s I t, t 2 to
(5.3)
Then the trivial solution of(5.1) is stable. If;in addition thefunction V(t,x) has an infinitesimal upper limit and its derivative V is negativedefinite along any solution x(t) of Eq. (5.1) such that
V(s,4 s ) ) I f ( V ( t , x(t)),
s
I t, t 2 to
(5.4)
where f is a continuous function and also f (u) > u for u > 0. Then the trivial solution of (5.1) is unformly asymptotically stable.
For the proof of Theorem 5.1 see Hale [81(1)], and Razumikhin [180(1), 180(2)].
5.2. Method of LiapunovKrasovskii Functionals for Equations with Bounded Delay Krasovskii has proposed to use for stability investigation the functionals defined on C [  h , O ] . Theorems 5.2 and 5.3 are proved by Krasovskii [114(1)114(5)]. Let K R , x Q H+ R , be some continuous functional such that V(t,0 ) = 0
(5.5)
Denote by o , ( r ) , r 2 0, some scalar, continuous, nondecreasing functions
73
$5. Liapunov Direct Method for Equations with Delay
such that o,(O) = 0 and o i ( r ) > 0 for r > 0. The functional V(t,cp) is positivedefinite if there exists a function o1such that V(t, CP) 2 wi(ldO)l),
~PEQH,
~ E R I
(5.6)
The functional V(t,cp) has an infinitesimal upper limit if there exists a function o2such that U t , cp) 5 f%(lIcp(~)lO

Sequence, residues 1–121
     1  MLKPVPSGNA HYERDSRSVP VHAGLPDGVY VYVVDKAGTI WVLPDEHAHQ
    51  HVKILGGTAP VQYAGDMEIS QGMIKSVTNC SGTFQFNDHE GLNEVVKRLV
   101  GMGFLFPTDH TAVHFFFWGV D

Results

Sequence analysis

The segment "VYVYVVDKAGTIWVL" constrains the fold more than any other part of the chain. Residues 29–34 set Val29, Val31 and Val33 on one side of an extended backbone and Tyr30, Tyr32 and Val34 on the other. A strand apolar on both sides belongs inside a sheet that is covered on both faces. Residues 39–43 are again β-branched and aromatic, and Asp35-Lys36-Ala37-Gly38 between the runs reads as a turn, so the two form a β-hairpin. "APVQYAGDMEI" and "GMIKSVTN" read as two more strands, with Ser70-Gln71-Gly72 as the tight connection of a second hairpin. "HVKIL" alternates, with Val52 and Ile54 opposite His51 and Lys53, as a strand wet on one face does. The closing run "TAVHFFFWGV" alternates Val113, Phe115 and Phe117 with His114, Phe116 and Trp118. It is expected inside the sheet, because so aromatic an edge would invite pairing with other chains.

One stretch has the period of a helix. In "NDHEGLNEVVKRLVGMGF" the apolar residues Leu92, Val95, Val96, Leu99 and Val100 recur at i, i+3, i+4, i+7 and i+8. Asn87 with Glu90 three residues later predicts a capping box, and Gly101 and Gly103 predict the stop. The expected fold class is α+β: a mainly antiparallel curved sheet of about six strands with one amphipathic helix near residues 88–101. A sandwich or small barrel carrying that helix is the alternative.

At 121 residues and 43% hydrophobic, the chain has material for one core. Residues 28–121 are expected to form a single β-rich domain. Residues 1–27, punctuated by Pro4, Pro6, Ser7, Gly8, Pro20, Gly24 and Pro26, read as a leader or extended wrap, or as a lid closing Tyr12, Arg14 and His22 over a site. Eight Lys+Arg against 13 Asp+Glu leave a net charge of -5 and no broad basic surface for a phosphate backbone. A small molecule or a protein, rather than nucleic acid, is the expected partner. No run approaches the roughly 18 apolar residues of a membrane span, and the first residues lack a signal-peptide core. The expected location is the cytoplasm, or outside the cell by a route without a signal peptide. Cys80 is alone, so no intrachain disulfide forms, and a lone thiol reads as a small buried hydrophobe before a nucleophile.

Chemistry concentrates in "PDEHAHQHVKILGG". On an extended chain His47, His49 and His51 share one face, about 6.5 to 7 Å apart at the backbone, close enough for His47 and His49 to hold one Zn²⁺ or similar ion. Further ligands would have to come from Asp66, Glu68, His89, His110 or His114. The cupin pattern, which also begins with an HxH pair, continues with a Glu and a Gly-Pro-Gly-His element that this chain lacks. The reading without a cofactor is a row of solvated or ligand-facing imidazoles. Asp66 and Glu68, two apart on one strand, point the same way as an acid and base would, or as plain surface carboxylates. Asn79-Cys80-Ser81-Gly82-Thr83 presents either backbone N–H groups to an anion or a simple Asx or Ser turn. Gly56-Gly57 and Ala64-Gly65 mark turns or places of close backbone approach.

(5.7)
Substitute the trajectory xr(8), h I 8I 0 of (5.1), instead of cp(B), into the functional V(t, cp) and denote V ( t ) by V(t, x J . The derivative $' of the functional V ( t ,x,) computed along the trajectories of (5.1) is equal by definition to
P=
lim sup[V(t
+ At)kft)]/(At)
Ar + O
In other words the derivative $' is the righthand upper derivative of the functional V on the trajectories of (5.1). The derivative Pis called negativedejinite if there exists such a function o3that $'< 03(1x(t)l). Theorem 5.2. Let there exist continuous positivedefinite functional V(t,cp) such that VI 0. Then the trivial solution of Eq. (5.1) is stable. Proof: Assume any that
E E (0, H ) .
By virtue of ( 5 . 5 ) we can take d ( ~ to) , such
From condition $'I 0 it follows that V is nonincreasing along the trajectories of (5.1). Hence using (5.6) and (5.8) we have w,(lx(t)l) 5
v,x,) Iv t o , =
XtJ
t 2 to
V(t0,cp) I W1(E),
The monotonicity of w1 implies that Ix(t)l
E,
t 2 to. Theorem 5.2 is proved.
REMARK. If, in addition to the assumptions of Theorem 5.2, the functional V(t, cp) satisfies (5.7), then the trivial solution is uniformly stable. Theorem 5.3. Let there exist a continuous functional V(t, cp) such that
PI
(5.9) Then the trivial solution of (5.1) is uniformly asymptotically stable. Conversely, ifthe trivial solution of (5.1) is uniformly asymptotically stable then there exists ~l(lcp(0)l) V ( t , cp) I co2(llcp(~)ll),
03(IX(Ql)
74